Ben Kinchlow

Not "Business as Usual"

by Ben Kinchlow

There was Scripture reading, prayer, hymns, and testimonies. There were "Amen?s", fiery preachers, and folks standing to make a commitment. A typical church service? No, in fact, the Amen?s were not coming from church congregants, and the Scriptures were not about repentance, per se, but rather about repenting for their spiritual life not impacting their businesses. This was, in fact, a business meeting.

The setting was Cobo Hall, the Joe Louis Arena, in downtown Motown. Speakers had come from as far away as the Bahamas, Virginia Beach, Arkansas, Connecticut, Florida, and L.A., just to name a few places. There were celebrities, wealthy individuals, and successful men and women from a variety of disciplines. It was an education for many and a dream come true for others. I think it was a first step toward the legitimate fulfillment of the Scripture?. "the wealth of the wicked is laid up for the righteous". (Proverbs 13:22)

I?m sure you have used or heard that Scripture on occasion, but have you ever wondered exactly how that is supposed to take place? As a young Christian, I often heard that and wondered exactly how God wound bring that to pass. Yet, I knew the Scriptures were infallible and absolutely accurate, and therefore must be fulfilled. How, I wondered, could the wealth of the wicked be transferred to the righteous? There must be a way to allow God to be fair to the wicked, yet keep his promise to the righteous. To simply strip the wealth from the wicked would leave God open to a charge of favoritism and "the judge of all the earth" must at all times, in all manner "do right"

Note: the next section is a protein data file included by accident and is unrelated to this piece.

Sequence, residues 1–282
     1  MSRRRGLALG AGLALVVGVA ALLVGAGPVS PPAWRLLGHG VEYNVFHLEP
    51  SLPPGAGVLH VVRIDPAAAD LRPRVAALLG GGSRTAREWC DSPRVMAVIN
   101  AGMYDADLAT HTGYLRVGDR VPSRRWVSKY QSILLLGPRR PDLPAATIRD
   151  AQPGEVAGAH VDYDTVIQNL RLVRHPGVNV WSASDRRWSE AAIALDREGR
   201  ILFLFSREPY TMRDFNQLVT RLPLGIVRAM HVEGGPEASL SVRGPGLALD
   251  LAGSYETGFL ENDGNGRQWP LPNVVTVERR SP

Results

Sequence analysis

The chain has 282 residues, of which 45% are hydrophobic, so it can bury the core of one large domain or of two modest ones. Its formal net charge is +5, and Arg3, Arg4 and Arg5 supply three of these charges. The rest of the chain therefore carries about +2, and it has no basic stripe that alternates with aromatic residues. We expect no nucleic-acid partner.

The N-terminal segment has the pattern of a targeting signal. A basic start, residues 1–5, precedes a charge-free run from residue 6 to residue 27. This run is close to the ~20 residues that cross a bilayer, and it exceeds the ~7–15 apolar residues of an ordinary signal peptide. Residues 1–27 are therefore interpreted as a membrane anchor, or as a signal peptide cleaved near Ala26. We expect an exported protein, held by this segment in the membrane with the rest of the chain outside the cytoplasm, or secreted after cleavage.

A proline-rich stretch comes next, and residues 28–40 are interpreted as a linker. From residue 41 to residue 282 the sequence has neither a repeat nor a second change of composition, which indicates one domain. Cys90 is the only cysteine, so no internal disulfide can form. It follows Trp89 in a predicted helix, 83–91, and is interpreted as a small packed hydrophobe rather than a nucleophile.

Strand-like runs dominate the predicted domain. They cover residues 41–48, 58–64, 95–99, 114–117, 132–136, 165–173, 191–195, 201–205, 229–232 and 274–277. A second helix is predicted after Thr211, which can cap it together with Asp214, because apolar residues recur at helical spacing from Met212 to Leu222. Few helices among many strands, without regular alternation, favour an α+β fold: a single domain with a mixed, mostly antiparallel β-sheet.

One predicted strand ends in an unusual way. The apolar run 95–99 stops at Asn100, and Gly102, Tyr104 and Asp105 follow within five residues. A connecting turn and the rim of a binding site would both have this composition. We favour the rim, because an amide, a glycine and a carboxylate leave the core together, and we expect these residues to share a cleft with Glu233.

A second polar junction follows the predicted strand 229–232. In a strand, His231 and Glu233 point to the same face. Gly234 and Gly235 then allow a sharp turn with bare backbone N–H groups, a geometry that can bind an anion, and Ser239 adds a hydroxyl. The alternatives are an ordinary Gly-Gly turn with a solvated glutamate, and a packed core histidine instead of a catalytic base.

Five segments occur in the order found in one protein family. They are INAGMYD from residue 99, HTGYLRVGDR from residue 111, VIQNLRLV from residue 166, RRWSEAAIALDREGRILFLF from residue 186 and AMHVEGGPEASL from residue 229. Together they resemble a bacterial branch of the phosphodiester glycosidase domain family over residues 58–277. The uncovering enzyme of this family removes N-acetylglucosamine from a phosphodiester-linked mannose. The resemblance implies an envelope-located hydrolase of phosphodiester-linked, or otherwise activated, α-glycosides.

Some years ago the answer came to me as I meditated on a passage of Scripture? "to him that hath shall be given?" This is the basis for the old proverb, "the rich get richer while the poor get poorer". You see, the last half of that verse reads, "?to him that hath not, even that which he hath shall be taken from him". (Matthew 13:12) Scripture articulates how we reach the stage of becoming the "haves" as opposed to the "have-nots". When placed in a non-religious context, (i.e., business) this Scriptures proves itself out and has demonstrated its power and value in some of the largest corporate structures in the world. Every multi-national, multi-billion dollar corporation applies the principles contained in the Scripture on a daily, and in some cases, an hourly basis.

This was the essence of the messages contained, for the most part, in the Christian Business Network meeting I attended in Detroit. The principle is articulated in King James English thusly? "He that would be the greatest among you must be the servant of all." (Mark 9:35)

In modern 21st century English, it would read thusly?. "to make big bucks, render great service, and the dude with the best service makes the most bucks". Apply this to your own experience and ask yourself, "Where would I go most? Where I got the best service, or the worst?" Think of some of the corporate giants that come to mind when you consider the long-range application of this principle.

In order for the wealth of the wicked to be transferred to the righteous, we must provide the services necessary to attract that wealth?. businesses. Could it be that a 1st century

principle of "service" is the wealth-transference tool of the 21st century? Let me reiterate. The Bible is not a religious book, and the principles contained therein are not religious principles. God?s plan was to reveal to his people how they could "spoil" the nations where they found themselves. No matter the conditions in which they found themselves, by implementing these principles, they would inevitably rise to become "the head and not the tail, the lenders, not the borrowers, the first, and not the last".

Let us consider the ways in which we might refrain from just doing business as usual, and really become "the greatest among them". Let us strive to give God the means to legitimately transfer the wealth.